By Mark Salter
A recent visit to Britain produced plenty to think about. Over four months since the referendum that delivered a narrow vote in favour of the UK leaving the European Union (EU), the outcome remains a, if not the dominant topic of political discussion. This is hardly surprising given that both the modalities and wider implications of the ‘Brexit’ vote are still being worked out.
Mirroring the outcome, discussions with friends and colleagues produced some real surprises. In brief, a number of them (admittedly small) voted for Brexit. A declaration of interest is in order: I regard myself as a thoroughly Europeanized, not to say internationalised Brit, and proud of it. And accordingly, my ‘filter bubble’ mostly comprises people on the same wavelength. Nevertheless, learning that an old friend who’s as cosmopolitan as they come, voted in favour of Brexit came as a shock. What on earth is going on in the country I still consider mine?
Referendums in focus
Here are three insights culled from my attempts to answer that question. First, it’s time to revisit the question of referendums. On the back of declining popular trust in representative democracy, the appeal of an alternative ‘direct democracy’ approach has undoubtedly increased. The referendum has become a key tool for the ‘direct’ delivery of the people’s verdict.
Across the globe, it has indeed been quite a year for the referendum. Alongside the Brexit vote, a peace deal to end Colombia’s civil war has been rejected; a new constitution that significantly limits democracy has been voted through in Thailand; and plans to reject EU requirements for accepting refugees have been approved in Hungary – though thankfully low turnout meant the referendum result was invalidated.
In all cases, the fact that voters herded through decisions with huge implications, while not necessarily enjoying a clear understanding of the issues at hand, induces a real pause for thought.
Looking closely at the recent UK experience makes matters clearer. The argument that it offers a textbook demonstration of the way in which politicians can refashion a complex issue – in this instance, the benefits or otherwise of continued EU membership – as a straightforward choice gathers steam. ‘Take Back Control’, the Brexiteers shouted endlessly. ‘It’s the Economy Stupid’, screamed Remain in reply. And so it went on – plenty of heat generated with little, if any, resultant light. And all in the name of respecting the people’s choice.
Is this democracy? As Professor Kenneth Rogoff commented following the UK referendum,
If Rogoff is right, then, does the EU referendum qualify as British democracy’s worst hour?
A second insight concerns the role of immigration. The facts speak for themselves. A recently published survey found that post-referendum, crimes committed against people due to their race or religion rose by 41 per cent. Eastern Europeans, in particular, Poles, have undoubtedly been the target of a mounting campaign of vitriol and abuse. This has resulted in growing numbers fleeing the country.
Take the case of Joanna Kalinowksa, as reported in a recent BBC programme. “I was talking to my daughter [in Polish]’, Joanna recalls. ‘A man passed and said ‘if you are in England you have to talk in English… otherwise you go back to your country’. I said, ‘I am talking with my child, so I will talk in my language. And this is also my country, and I have equal rights here’. The man answered: “You don’t have any rights here anymore.” ‘That was my experience after Brexit’. Is this emblematic of the direction in which Britain is headed? And if it is, what’s to be done about it?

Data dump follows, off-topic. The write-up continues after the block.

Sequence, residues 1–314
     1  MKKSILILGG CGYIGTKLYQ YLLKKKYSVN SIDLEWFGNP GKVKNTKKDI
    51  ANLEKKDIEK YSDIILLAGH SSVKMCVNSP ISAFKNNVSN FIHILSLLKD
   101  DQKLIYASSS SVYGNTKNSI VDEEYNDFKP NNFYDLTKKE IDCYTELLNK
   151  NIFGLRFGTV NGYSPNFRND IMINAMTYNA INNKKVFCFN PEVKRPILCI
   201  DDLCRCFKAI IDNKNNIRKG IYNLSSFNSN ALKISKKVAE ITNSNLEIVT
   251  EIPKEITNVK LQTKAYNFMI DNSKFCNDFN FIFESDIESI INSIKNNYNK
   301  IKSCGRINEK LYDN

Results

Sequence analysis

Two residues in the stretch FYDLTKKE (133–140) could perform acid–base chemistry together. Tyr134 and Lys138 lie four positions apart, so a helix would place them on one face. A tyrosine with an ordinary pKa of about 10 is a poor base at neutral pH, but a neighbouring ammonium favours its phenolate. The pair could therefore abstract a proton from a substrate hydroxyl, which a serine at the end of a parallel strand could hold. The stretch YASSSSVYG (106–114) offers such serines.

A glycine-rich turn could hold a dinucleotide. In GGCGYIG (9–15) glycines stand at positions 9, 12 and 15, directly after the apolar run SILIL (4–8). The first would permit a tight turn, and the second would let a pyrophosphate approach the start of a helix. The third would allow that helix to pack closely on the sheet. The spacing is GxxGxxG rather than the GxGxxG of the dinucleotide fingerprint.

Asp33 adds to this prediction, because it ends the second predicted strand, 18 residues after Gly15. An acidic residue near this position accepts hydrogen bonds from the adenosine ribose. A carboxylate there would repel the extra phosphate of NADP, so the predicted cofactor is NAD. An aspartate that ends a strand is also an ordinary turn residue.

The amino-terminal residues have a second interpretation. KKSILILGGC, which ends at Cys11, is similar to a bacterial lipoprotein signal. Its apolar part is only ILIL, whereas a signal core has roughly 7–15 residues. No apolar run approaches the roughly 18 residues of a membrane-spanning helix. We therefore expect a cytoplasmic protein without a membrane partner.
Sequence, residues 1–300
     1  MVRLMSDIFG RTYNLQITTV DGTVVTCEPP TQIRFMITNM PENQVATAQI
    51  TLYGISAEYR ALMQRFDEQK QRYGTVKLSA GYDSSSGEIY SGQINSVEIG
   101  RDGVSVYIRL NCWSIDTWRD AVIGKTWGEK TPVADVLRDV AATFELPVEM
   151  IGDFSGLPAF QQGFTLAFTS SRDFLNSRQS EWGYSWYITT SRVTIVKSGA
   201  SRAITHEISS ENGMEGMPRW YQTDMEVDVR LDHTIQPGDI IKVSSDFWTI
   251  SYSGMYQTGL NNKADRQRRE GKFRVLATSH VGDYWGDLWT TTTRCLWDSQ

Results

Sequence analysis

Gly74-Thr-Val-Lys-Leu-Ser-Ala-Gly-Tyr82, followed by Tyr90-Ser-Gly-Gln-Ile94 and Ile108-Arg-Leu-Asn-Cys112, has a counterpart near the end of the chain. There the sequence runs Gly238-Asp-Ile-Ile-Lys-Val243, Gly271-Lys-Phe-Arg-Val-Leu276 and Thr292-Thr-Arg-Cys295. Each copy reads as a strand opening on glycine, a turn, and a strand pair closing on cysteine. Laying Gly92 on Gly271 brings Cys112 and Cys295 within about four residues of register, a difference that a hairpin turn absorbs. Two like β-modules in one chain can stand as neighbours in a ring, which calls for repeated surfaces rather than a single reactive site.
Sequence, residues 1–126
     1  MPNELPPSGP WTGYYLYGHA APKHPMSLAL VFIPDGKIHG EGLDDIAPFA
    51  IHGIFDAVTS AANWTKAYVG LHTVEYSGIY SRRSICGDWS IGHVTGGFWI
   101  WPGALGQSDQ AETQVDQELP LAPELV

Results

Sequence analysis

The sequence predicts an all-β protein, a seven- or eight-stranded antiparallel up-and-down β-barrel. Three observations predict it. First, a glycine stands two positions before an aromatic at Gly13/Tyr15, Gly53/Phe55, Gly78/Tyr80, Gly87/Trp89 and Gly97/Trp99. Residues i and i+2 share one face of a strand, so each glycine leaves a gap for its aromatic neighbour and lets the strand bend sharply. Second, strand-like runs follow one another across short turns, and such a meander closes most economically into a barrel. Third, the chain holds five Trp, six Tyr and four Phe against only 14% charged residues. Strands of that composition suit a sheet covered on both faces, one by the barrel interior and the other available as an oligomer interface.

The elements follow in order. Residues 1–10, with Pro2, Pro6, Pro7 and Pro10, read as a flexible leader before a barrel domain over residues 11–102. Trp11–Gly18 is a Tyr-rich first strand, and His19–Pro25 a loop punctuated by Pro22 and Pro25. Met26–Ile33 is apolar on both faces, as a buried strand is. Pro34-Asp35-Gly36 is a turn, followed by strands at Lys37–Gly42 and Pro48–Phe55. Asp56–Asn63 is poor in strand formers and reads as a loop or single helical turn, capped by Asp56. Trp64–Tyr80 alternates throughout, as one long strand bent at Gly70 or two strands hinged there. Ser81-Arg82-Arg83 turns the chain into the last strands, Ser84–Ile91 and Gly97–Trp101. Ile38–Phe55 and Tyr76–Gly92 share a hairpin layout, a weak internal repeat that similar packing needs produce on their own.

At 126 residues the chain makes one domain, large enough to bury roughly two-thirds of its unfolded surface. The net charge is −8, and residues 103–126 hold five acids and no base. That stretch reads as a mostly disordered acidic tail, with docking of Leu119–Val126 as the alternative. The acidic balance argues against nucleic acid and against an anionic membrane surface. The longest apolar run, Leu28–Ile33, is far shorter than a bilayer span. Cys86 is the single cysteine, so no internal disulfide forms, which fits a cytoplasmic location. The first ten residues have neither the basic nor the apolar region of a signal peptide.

Within the UK Asian community, too, there are voices expressing concern over the impact of the Brexit vote. In a recent Hindustan Times column, for example, Sunny Hundal argues that the message from UK Prime Minister Theresa May to India’s ‘brightest and best’ is this: ‘‘You’re not welcome anymore’. And she’s right’, he suggests, ‘They are not welcome anymore.’
The impending clampdown on immigration promised by the Brexiteers, Hundal argues, will hit not only Indians seeking work in the UK but also those wanting to study, visit or join family living there. Furthermore, he also points out, it will hit Indian companies looking to invest in Britain.
Building walls of isolation
All in all, it’s a measure of the depths of mistrust the referendum campaign has stirred up that Hundal references Enoch Powell and his infamous ‘Rivers of Blood’ speech as a benchmark for discussing contemporary UK race relations.
What exactly are the causes of this collective UK turn inwards? Intriguingly, Dutchman Joris Luyendijk suggests that the explanation lies in a kind of visceral post-imperial retreat into narcissism. ‘Rather than accepting itself as a country dependent on its neighbours like the rest of us, the English got lost in themselves, and then chose isolation.’ Only this time, he argues, ‘it will not be splendid.’
The final insight concerns the notion of ‘post-truth politics’. What? You may be asking: isn’t politics supposed to be about truth? Verifiable economic facts, empirically informed policy proposals and so on? Welcome to the new/old politics – as demonstrated in the EU referendum. In this scenario, ‘facts’ no longer occupy centre-stage. What matters is what you, I and everyone else feels about the issue.
An excellent essay by Katherine Viner makes the point succinctly. A few days after the EU vote, she notes, Arron Banks, chief funder of the Leave campaign, told the Guardian that his side knew all along that ‘facts’ would not win the day.
So forget facts. Go for gut feeling. With Trump as your inspiration. Not a savoury conclusion regarding the way the Brexiteers manoeuvred themselves into the realm of hard political ‘fact’. But revealing, perhaps, of the wider world in which we find ourselves today.
Mark Salter is a journalist, writer and researcher.
Featured Image Credits: Flickr